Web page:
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New notices of a critical 3000 feature, cloned

In what might be a first for the 3000 community, a new tool has been announced first on Twitter and Linked In. MB Foster is rolling out MBF Scheduler this month, software designed to replicate the advanced streaming and scheduling features which 3000 customers have long deployed.

David Greer, the new director of Marketing and Sales at MB Foster and a 3000 developer since the 1970s, tweeted the notice of the new product over the weekend and a link to a new Web page at the MBFA site. We're working on gathering some specific details about the software's pedigree, but for now we can relay that the product proposes to "deliver the robust job scheduling features of the HP 3000 MPE operating system for the Microsoft Windows Server platform without the need of a separate Unix or Linux server."

We have heard from plenty of migrating sites that miss the built-in scheduling prowess of MPE/iX. Designed in the '70s as well, the 3000's OS always had scheduling as a high priority (pun intended) because the computer was launched to carve out business from the batch-rooted IBM customer base. Seems scheduling has become even more valuable in a world that wants to avoid deploying Unix or Linux.

The 3000's depth of scheduling was integrated into the environment from the early days of system delivery. MB Foster's cloned feature set reminds migrators of what they've learned to rely upon.

A master job queue, input priorities, job fence, job limits, and other MPE-specific job scheduling features are built in to MBF Scheduler. You can automate all of these features by using the MBF Scheduler command line interface. Command line utilities allow you to submit, control, and monitor your MS Windows Server jobs. You can even include MPE-style job cards in your Windows batch files.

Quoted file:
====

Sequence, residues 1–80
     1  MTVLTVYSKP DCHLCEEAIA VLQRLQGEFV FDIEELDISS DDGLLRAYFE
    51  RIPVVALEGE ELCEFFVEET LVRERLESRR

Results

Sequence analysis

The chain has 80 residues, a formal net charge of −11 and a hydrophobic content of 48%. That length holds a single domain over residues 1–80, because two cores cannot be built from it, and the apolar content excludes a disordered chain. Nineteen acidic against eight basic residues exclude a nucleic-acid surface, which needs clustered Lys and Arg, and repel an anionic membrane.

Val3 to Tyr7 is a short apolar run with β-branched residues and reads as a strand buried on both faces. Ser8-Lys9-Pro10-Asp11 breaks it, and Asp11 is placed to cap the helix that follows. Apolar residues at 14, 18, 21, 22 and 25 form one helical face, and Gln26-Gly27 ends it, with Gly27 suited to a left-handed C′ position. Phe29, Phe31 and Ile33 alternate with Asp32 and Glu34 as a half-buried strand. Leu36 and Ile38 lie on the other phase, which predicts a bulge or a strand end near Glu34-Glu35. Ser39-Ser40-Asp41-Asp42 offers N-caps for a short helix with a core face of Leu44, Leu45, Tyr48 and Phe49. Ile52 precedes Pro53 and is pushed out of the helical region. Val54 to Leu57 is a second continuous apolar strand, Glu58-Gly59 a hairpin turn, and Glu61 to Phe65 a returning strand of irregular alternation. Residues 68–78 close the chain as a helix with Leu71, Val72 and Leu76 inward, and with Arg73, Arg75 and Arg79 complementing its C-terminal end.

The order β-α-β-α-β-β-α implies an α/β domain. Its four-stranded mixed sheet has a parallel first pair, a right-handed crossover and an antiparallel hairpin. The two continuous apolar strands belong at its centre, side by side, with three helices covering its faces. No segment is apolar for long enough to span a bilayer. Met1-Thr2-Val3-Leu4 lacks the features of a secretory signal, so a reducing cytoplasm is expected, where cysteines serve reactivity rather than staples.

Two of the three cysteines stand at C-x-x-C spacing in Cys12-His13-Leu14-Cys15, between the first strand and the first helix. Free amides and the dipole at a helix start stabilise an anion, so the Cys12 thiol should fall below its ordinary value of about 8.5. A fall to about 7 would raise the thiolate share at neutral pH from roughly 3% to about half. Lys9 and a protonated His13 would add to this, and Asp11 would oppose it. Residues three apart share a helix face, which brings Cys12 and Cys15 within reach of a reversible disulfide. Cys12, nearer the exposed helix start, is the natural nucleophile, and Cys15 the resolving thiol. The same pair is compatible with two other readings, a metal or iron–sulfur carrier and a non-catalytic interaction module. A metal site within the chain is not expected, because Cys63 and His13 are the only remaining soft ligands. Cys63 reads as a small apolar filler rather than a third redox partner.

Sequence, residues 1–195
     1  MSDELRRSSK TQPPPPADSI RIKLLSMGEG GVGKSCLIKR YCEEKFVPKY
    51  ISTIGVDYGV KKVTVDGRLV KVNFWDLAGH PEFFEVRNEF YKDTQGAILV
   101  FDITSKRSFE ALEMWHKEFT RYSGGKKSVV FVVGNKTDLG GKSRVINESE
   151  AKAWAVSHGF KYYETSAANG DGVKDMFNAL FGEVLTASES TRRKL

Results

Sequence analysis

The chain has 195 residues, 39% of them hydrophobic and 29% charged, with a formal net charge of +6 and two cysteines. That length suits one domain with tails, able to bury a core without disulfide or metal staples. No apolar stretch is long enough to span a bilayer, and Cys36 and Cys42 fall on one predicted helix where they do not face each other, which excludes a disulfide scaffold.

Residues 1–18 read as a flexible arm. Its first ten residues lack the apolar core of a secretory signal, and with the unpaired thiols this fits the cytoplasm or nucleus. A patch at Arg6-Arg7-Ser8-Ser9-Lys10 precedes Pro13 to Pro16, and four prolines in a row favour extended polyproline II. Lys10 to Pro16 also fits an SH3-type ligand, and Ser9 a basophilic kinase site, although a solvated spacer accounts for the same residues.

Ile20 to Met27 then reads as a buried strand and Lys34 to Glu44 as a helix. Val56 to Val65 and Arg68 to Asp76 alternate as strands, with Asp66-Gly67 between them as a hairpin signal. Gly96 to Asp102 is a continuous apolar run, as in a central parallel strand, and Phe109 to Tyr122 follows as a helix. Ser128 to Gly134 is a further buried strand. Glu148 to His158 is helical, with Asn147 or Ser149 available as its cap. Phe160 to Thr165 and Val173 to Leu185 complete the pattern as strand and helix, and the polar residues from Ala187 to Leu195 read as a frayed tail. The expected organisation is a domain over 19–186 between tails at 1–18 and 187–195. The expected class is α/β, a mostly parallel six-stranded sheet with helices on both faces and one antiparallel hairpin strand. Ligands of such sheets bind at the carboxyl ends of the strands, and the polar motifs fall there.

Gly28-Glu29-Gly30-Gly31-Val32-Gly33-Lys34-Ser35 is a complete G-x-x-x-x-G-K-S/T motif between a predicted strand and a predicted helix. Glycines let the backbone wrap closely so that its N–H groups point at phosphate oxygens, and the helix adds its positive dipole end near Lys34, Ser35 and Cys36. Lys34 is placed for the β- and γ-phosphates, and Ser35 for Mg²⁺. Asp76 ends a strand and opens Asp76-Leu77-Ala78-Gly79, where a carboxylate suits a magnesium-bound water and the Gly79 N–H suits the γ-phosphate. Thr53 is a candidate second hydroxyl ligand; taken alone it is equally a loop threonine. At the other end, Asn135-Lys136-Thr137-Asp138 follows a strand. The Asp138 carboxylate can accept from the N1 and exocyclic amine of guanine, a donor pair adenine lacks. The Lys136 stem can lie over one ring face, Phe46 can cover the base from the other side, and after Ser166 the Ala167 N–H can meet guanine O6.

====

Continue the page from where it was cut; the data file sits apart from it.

Yes indeed, command lines continue to function as the power tools for IT, even more than three decades after batch ruled the computer world. A recent HP rollout of its latest Unix servers showed off how an administrator could monitor partitions that were not even online. That demonstration showed command line interaction.

This sort of command line interface was used to club the 3000 into a legacy category during the 1990s. At that time, character-driven interaction was the norm for users of the system. That's long gone now, at least in the customer sites that have shifted to Windows for users. Those who mean to take the Windows environment into the datacenter are among the target customers for MBF Scheduler. (And if you're still relying on character-based interfaces for mission-critical 3000 apps, we'd like to hear from you.)

It's a sign of the maturity of migration solutions that fundamentals like scheduling are still getting tools entered in the ninth year of the Transition. HP and the consultants all said that such tools would emerge while migrations ramped up. The timing of that emergence didn't follow HP's forecast, of course. And it says a lot about the integral offerings of the 3000 for datacenters that these features need Unix-free alternatives for the Windows world.

There's a message for the homesteader here, especially those who continue to use the 3000 while they build all the tools and support needed for a transition. Scheduling is a core benefit of keeping the system in a mission-critical role, even as an interim solution. "How can we be secure using our 3000, still?" You could reply, "Well, there's the scheduling that runs all our operations. It's been tricky to find a replacement for that, believe it or not."